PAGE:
Acorn protesters storm Leeds Council meeting and blast siren over issue of empty homes

A group of housing protesters were escorted out of Leeds City Council’s annual general meeting after loudly interrupting proceedings.
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Members of Acorn Leeds, a social justice campaign group, caused a disturbance in the public gallery in Civic Hall’s council chamber on Wednesday, as councillors met to appoint a new Lord Mayor. Around an hour into the meeting, a loud and screeching siren suddenly went off in the public gallery, two banners were unfurled and protesters began shouting.

One of the banners read ‘land for people not profit’, while the other said ‘Leeds Council take action on empty homes’. A female member of the group, wearing a baseball cap, announced that they were from Acorn and called on senior councillors to meet with them to discuss the issue of empty homes in the city.

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Security personnel were then seen escorting the group out of the public gallery. The interruption lasted around a minute and the meeting’s business was quickly resumed.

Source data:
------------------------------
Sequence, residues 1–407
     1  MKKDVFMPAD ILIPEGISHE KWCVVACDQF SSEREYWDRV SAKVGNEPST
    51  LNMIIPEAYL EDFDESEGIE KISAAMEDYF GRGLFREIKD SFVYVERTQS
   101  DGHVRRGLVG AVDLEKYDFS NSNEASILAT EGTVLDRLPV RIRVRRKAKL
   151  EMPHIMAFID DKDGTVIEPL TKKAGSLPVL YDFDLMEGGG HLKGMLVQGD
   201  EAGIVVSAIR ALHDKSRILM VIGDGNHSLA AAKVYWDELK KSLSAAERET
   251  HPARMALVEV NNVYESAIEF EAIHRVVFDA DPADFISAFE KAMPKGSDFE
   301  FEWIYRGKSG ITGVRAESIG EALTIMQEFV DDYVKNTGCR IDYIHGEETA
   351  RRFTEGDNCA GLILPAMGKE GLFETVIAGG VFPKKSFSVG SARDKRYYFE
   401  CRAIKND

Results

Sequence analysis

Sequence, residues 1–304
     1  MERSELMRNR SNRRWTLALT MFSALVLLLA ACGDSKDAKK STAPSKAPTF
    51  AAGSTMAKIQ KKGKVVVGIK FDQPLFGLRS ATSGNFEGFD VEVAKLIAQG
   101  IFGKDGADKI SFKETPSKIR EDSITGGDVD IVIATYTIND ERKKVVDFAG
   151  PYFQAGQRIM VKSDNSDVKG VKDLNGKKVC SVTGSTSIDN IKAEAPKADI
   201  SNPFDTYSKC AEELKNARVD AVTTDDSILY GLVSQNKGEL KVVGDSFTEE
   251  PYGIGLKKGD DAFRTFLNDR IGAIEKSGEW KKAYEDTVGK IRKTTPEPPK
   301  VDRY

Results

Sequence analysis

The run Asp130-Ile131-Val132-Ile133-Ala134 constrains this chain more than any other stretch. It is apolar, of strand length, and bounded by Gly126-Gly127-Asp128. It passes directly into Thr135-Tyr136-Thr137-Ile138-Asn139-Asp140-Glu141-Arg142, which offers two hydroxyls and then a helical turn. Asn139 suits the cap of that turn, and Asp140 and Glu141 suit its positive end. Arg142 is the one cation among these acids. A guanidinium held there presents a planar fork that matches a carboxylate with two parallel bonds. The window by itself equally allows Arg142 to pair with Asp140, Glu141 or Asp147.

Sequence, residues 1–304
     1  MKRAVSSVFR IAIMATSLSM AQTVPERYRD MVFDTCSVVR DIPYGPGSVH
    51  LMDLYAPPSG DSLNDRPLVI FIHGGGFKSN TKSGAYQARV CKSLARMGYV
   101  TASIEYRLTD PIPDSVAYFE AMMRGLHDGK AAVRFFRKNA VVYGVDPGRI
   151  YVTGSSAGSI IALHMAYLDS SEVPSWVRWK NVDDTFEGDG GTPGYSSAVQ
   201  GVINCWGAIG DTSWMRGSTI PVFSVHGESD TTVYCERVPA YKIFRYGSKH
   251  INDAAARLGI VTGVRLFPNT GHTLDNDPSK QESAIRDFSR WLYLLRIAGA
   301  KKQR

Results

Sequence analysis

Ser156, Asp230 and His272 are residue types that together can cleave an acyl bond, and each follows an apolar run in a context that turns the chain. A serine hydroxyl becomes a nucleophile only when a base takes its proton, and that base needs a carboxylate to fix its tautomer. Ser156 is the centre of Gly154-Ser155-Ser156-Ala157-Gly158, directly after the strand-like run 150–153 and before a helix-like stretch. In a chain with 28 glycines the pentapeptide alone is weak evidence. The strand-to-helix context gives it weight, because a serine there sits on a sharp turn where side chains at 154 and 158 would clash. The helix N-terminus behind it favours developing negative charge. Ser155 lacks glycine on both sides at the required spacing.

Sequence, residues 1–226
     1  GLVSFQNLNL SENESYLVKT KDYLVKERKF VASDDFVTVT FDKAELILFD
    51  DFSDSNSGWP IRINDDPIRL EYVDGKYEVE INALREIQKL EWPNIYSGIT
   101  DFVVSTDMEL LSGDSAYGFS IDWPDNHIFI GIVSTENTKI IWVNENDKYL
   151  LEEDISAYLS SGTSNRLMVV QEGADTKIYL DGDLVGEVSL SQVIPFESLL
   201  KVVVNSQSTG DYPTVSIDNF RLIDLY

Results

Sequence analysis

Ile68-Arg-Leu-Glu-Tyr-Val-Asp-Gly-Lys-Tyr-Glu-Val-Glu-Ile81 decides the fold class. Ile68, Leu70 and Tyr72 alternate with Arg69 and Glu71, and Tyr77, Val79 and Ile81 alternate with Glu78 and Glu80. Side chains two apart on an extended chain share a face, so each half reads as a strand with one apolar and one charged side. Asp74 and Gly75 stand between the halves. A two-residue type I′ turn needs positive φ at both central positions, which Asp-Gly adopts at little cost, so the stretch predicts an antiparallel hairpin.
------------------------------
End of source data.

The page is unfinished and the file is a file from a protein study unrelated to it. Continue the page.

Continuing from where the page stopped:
Protesters from Acorn Leeds interrupted the Leeds City Council meetingProtesters from Acorn Leeds interrupted the Leeds City Council meeting
Protesters from Acorn Leeds interrupted the Leeds City Council meeting

Acorn Leeds describes itself online as a “community based union of working class people”, comprising “tenants, workers and residents”. The group raised the issue of sub-standard housing in the city at a full council meeting earlier this year, after being formally invited to make a speech to councillors.

In a tweet earlier this month, Acorn called for action on the issue and referenced calls for owners of second homes and Airbnbs in the city to pay more council tax.

The tweet read: “We’re sick of our homes being treated like assets and holiday destinations, whilst 26,000 families are stuck on the council house waitlist. We are calling on the council exec to implement second homes tax now!”

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The council’s Labour administration voted against a motion before the local elections to introduce a premium on second home owners. The measure had been suggested by the authority’s Liberal Democrats, who said it would bring in £3m in public money. Labour councillors argued, however, that such a move would be unlawful without Government legislation.